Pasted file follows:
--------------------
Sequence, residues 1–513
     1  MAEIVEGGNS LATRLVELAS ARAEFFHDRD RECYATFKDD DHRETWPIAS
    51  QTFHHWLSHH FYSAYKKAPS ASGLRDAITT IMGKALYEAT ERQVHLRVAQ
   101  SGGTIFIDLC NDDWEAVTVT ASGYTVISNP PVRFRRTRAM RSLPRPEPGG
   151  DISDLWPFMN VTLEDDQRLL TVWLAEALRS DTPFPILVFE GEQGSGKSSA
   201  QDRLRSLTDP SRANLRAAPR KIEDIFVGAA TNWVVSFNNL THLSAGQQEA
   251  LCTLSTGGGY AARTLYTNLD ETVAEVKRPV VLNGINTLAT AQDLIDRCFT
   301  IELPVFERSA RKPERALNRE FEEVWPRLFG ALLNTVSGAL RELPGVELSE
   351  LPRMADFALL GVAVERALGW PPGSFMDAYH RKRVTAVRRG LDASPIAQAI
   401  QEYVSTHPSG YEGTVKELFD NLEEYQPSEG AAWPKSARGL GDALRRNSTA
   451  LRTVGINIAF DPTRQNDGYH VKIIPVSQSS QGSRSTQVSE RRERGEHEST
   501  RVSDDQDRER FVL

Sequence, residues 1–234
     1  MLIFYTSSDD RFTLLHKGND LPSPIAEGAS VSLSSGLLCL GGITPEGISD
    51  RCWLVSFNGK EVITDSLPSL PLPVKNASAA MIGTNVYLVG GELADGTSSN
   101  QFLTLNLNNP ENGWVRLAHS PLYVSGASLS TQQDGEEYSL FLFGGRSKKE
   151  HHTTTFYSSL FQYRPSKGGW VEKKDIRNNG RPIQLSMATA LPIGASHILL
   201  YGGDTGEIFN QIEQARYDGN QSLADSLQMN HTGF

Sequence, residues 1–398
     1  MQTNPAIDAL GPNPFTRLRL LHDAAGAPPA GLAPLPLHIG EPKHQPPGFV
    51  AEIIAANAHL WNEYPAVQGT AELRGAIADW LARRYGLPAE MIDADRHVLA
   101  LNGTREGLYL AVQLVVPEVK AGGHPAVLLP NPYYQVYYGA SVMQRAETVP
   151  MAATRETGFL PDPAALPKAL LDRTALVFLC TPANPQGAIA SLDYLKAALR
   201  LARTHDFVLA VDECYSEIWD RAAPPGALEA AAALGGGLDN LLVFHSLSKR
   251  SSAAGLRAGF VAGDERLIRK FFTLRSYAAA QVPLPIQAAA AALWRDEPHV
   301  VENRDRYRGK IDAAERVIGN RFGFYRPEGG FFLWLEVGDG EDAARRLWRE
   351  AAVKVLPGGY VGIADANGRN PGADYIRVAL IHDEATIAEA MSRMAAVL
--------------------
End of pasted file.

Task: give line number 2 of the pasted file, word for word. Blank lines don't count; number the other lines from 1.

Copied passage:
     1  MAEIVEGGNS LATRLVELAS ARAEFFHDRD RECYATFKDD DHRETWPIAS